Iridium Communications has been busy for the past two years replacing all 66 of their Iridium satellites with an entirely new generation - accomplishing this massive task without disrupting any existing services.
Think of it like replacing the engines on a fleet of jumbo jets (in space), without landing them.
SpaceX (the launch provider) describes the mission:
"Iridium is the only satellite communications network that spans the entire globe, and Iridium NEXT is one of the largest "tech upgrades" in space history. The process of replacing the satellites one by one in a constellation of this size and scale has never been completed before."
It has taken eight launches (we covered the first back in January 2017) to deploy the full network of 66 satellites and nine in-orbit spares, but the final launch in this massive upgrade project happened successfully this past Friday.
It will take another month or two for the last of the old Iridium satellites to be decommissioned and the new ones activated, and then this ambitious upgrade project will at last be complete.
Will this now unleash a new generation of mobile internet services? What is next for Iridium?
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Iridium: A Little History
One of the most ambitious technology projects of the 1990's was the construction of the Iridium constellation - the first truly global satellite communications network.
Most communication satellites are located in geostationary orbit - hanging in a fixed location in the sky 22,236 miles above the equator. Communicating with a satellite at this distance requires a large precisely aimed dish, and the round-trip distance results in a noticeable speed-of-light impact on network latency.
The Iridium constellation on the other hand orbits just 485 miles above the surface. At this altitude latency is not much of an issue, and it is actually possible to build handheld satellite phones and communicators that do not even need aiming.
Not needing to be aimed is critical, because satellites at a lower orbit are in constant motion relative to the surface of the earth. To provide global 24/7 coverage, the Iridium constellation requires 66 satellites carefully synchronized in an orbital dance so that at least one is always passing in view overhead - no matter where you are on the planet.
The massive construction expenses (especially in the days before reusable rockets!) combined with lack of expected demand for satellite phones thanks to the rapid deployment of cellular networks overseas resulted in Iridium imploding before the network was even fully in service - leading to the largest (at the time) bankruptcy in US history.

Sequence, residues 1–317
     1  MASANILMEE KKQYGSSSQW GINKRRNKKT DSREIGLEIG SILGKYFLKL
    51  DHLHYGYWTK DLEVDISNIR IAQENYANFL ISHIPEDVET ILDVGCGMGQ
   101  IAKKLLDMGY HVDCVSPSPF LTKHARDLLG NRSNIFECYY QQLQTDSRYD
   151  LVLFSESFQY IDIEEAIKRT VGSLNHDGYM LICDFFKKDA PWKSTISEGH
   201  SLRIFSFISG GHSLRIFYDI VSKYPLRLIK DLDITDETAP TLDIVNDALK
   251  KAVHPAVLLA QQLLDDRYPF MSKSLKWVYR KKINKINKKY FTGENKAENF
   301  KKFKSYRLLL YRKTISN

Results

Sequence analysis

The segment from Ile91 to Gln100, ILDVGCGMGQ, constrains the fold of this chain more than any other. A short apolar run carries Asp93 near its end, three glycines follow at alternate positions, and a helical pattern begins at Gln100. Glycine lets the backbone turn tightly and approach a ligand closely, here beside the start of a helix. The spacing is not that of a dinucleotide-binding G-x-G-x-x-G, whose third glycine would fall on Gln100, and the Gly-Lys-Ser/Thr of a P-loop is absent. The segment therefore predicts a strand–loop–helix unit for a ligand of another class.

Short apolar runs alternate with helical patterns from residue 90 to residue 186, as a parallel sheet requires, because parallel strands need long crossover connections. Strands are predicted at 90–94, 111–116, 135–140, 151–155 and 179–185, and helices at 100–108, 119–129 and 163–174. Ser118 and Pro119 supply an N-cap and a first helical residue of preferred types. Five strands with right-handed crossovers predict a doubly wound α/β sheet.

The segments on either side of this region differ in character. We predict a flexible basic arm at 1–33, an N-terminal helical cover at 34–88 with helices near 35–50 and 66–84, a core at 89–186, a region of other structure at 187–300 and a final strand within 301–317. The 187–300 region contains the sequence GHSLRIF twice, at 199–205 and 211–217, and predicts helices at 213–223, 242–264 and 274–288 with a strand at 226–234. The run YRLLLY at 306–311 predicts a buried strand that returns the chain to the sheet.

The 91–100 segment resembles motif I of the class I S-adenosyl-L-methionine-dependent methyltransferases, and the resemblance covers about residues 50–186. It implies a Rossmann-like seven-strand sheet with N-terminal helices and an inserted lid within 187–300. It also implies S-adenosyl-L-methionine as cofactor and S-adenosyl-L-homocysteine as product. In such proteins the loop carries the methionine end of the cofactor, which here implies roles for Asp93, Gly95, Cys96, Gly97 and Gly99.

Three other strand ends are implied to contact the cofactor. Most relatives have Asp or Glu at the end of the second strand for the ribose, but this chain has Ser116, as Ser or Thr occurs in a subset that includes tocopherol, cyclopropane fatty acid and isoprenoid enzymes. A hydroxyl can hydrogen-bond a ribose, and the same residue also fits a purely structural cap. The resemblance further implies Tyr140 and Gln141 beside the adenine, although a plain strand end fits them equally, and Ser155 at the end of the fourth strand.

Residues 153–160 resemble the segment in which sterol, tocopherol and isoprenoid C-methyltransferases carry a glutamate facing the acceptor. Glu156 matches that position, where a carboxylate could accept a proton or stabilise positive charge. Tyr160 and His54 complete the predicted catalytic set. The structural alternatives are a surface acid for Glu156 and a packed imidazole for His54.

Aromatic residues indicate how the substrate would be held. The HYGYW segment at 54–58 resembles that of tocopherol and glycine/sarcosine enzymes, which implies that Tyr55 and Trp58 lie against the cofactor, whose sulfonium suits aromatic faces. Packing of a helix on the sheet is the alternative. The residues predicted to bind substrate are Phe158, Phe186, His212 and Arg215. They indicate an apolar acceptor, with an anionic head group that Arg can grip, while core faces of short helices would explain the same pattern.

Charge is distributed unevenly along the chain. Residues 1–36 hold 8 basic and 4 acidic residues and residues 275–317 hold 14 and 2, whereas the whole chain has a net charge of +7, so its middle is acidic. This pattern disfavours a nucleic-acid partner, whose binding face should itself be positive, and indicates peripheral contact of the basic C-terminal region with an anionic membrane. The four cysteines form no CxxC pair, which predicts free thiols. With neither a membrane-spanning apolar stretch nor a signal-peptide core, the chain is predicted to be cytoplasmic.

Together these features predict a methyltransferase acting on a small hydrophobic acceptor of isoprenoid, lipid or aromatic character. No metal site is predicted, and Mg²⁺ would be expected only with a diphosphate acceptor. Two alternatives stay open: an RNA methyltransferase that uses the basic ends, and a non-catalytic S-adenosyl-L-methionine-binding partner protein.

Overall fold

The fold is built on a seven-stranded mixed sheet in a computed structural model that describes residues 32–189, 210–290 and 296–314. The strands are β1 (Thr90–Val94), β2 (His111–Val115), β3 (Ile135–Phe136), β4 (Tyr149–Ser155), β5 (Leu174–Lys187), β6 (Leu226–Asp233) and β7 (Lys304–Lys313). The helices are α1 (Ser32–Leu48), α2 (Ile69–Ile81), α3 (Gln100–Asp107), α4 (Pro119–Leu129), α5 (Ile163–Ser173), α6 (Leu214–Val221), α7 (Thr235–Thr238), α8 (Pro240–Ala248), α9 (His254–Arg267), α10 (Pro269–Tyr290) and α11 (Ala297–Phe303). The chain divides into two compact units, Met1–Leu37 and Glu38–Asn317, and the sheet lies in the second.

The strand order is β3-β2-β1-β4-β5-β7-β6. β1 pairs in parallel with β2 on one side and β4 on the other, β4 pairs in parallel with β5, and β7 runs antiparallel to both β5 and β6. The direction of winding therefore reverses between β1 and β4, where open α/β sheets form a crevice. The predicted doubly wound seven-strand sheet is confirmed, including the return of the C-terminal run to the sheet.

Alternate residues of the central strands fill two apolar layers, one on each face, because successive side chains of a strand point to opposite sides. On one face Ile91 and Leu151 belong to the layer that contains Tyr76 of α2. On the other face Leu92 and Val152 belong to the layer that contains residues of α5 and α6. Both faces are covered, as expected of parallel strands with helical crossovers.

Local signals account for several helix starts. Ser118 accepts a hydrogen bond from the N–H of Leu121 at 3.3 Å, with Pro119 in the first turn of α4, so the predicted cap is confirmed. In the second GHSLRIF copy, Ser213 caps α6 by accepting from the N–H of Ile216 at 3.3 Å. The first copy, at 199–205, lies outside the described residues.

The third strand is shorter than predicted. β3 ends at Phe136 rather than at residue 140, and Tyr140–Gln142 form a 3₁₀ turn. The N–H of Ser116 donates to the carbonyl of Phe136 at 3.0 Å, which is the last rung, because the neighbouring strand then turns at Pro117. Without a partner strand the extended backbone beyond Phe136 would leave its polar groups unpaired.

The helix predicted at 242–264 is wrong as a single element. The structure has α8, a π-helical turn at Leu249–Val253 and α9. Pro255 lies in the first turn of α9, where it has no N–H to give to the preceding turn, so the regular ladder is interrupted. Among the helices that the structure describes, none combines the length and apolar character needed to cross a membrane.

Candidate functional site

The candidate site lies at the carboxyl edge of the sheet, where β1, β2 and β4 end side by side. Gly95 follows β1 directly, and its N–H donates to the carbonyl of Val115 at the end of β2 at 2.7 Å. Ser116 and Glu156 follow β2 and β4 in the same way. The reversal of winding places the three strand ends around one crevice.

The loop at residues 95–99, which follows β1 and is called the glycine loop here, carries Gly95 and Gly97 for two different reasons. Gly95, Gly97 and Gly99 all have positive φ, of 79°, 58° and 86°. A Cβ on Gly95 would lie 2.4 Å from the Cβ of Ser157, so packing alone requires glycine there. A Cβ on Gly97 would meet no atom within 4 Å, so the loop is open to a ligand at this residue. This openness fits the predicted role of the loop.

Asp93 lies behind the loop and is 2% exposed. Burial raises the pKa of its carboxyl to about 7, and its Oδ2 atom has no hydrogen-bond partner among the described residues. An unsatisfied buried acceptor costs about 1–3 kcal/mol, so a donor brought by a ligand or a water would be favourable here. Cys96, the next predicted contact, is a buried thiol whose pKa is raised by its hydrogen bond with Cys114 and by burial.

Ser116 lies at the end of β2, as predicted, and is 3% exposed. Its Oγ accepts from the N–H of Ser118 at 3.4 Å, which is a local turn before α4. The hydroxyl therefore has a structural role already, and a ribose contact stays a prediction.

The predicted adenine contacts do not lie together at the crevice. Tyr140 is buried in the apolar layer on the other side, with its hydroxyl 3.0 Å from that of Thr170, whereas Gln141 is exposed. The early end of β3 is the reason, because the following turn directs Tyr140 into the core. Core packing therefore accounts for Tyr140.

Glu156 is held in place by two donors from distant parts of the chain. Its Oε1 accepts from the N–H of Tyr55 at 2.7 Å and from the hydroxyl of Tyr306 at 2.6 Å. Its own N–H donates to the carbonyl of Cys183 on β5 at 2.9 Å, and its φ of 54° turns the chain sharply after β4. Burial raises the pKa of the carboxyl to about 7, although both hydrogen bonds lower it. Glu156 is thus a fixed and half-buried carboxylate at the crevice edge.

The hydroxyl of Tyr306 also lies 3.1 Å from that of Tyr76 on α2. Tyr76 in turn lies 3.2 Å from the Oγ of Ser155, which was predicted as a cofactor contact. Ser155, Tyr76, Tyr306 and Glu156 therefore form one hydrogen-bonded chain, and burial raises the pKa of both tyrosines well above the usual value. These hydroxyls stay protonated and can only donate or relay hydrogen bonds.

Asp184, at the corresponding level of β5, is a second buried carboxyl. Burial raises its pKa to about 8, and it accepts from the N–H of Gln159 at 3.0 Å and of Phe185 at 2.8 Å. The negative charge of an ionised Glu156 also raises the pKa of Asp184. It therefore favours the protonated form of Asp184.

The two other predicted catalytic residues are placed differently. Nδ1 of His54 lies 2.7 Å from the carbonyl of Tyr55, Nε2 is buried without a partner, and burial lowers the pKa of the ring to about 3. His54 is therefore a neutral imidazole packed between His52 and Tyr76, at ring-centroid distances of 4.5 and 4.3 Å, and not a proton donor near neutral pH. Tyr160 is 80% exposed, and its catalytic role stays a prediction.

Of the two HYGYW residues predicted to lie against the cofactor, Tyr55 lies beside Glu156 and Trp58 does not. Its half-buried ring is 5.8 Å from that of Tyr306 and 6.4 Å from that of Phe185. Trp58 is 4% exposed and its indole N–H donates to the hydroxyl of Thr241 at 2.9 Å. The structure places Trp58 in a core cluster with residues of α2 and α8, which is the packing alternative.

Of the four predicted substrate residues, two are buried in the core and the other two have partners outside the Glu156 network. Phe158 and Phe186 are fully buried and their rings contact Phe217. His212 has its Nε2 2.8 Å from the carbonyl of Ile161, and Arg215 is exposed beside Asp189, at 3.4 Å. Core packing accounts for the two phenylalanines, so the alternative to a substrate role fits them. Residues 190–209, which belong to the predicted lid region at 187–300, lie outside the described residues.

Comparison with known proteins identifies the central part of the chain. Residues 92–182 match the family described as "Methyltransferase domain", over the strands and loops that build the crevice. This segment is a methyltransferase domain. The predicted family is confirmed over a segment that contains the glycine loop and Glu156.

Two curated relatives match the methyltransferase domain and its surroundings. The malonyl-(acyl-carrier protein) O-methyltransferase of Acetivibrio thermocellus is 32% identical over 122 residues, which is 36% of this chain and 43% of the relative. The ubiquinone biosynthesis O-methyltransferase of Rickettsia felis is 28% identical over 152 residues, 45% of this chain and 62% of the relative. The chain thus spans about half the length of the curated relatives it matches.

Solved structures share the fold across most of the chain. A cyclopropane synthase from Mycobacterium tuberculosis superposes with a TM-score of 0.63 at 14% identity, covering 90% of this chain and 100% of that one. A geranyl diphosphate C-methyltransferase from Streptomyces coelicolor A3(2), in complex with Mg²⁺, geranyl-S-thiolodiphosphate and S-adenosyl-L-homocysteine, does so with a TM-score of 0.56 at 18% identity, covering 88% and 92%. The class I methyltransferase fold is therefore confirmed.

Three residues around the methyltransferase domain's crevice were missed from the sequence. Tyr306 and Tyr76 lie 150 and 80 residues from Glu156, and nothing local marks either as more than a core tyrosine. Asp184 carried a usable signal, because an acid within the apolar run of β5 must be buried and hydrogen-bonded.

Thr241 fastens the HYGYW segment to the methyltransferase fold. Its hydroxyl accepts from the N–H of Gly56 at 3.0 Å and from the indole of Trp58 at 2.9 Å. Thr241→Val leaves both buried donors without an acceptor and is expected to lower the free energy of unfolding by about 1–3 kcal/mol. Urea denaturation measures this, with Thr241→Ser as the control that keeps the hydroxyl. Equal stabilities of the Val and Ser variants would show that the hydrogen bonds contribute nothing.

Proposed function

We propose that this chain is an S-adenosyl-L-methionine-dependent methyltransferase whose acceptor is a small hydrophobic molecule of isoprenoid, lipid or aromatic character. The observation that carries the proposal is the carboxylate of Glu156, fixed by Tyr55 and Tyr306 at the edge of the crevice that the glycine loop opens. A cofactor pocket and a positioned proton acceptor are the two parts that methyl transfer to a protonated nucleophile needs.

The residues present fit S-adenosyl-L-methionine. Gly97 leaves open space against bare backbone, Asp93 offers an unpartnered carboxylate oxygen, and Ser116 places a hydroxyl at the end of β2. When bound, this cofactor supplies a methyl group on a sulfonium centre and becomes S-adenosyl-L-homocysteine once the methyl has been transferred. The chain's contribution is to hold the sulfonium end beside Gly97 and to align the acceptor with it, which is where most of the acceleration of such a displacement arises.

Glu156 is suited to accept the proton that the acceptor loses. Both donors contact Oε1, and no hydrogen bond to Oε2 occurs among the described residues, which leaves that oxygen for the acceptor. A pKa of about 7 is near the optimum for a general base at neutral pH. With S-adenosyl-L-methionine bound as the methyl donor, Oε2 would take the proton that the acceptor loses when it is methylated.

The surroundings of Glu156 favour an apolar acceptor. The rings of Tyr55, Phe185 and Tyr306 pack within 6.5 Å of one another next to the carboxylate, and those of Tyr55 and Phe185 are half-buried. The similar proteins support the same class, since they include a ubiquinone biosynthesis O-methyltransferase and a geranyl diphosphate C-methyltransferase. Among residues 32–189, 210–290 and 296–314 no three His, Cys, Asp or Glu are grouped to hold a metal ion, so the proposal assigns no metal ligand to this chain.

The entire $6 billion network was on the verge of being scrapped and the satellites burned up in the atmosphere when a group of investors managed to take over and relaunch the company in 2001 - acquiring billions in assets for just $35 million.
The old Iridium constellation was best known for enabling satellite telephones that work anywhere on the globe. But despite the unrivaled global coverage, the Iridium system was only ever capable of providing extremely slow and very expensive data connections.
And by slow - think of speeds of roughly 2.4kbps, vastly slower than most ancient dial up modems!
To remain relevant in a modern connected world the Iridium system would need to be rebuilt from the ground up with a vastly more capable architecture, requiring billions more to be invested.
Iridium Next: What's New?
The new generation of Iridium Next satellites are more data-centric, and now that the constellation is fully upgraded Iridium will be able to offer a whole new range of new services - which Iridium is branding Certus.
But even with the Iridium Next satellites, Iridium Certus is NOT going to be any sort of speed demon.
The Iridium Certus system will offer "speeds from 22 kbps and eventually all the way up to 1.4 Mbps once fully deployed" - still painfully slow by LTE cellular standards, but an order of magnitude faster than the current generation Iridium offers.
No new consumer offerings based upon Iridium Next have been announced yet, likely because no company would want to risk pre-announcing a service that might end up delayed for years by a failed launch.
But once the Cetus network is fully online and the backlog of commercial customers is caught up with - we hope to see a new generation of consumer satellite technologies based upon Iridium Next come to market.
For example - we would love to see future inReach-like communicators that go beyond simple text messaging - perhaps even enabling basic web surfing a picture posting from anywhere in the world.
Unlike the much more massive upcoming SpaceX Starlink and OneWeb constellations - the Iridium network has no ambitions to offer broadband speeds.
But those other satellite systems are unproven and are at best still years away. Meanwhile, Iridium has an established track record and has finished a network upgrade while their competitors are just now barely getting started.
We look forward to seeing what is next - and congratulate Iridium on completing this massive undertaking!
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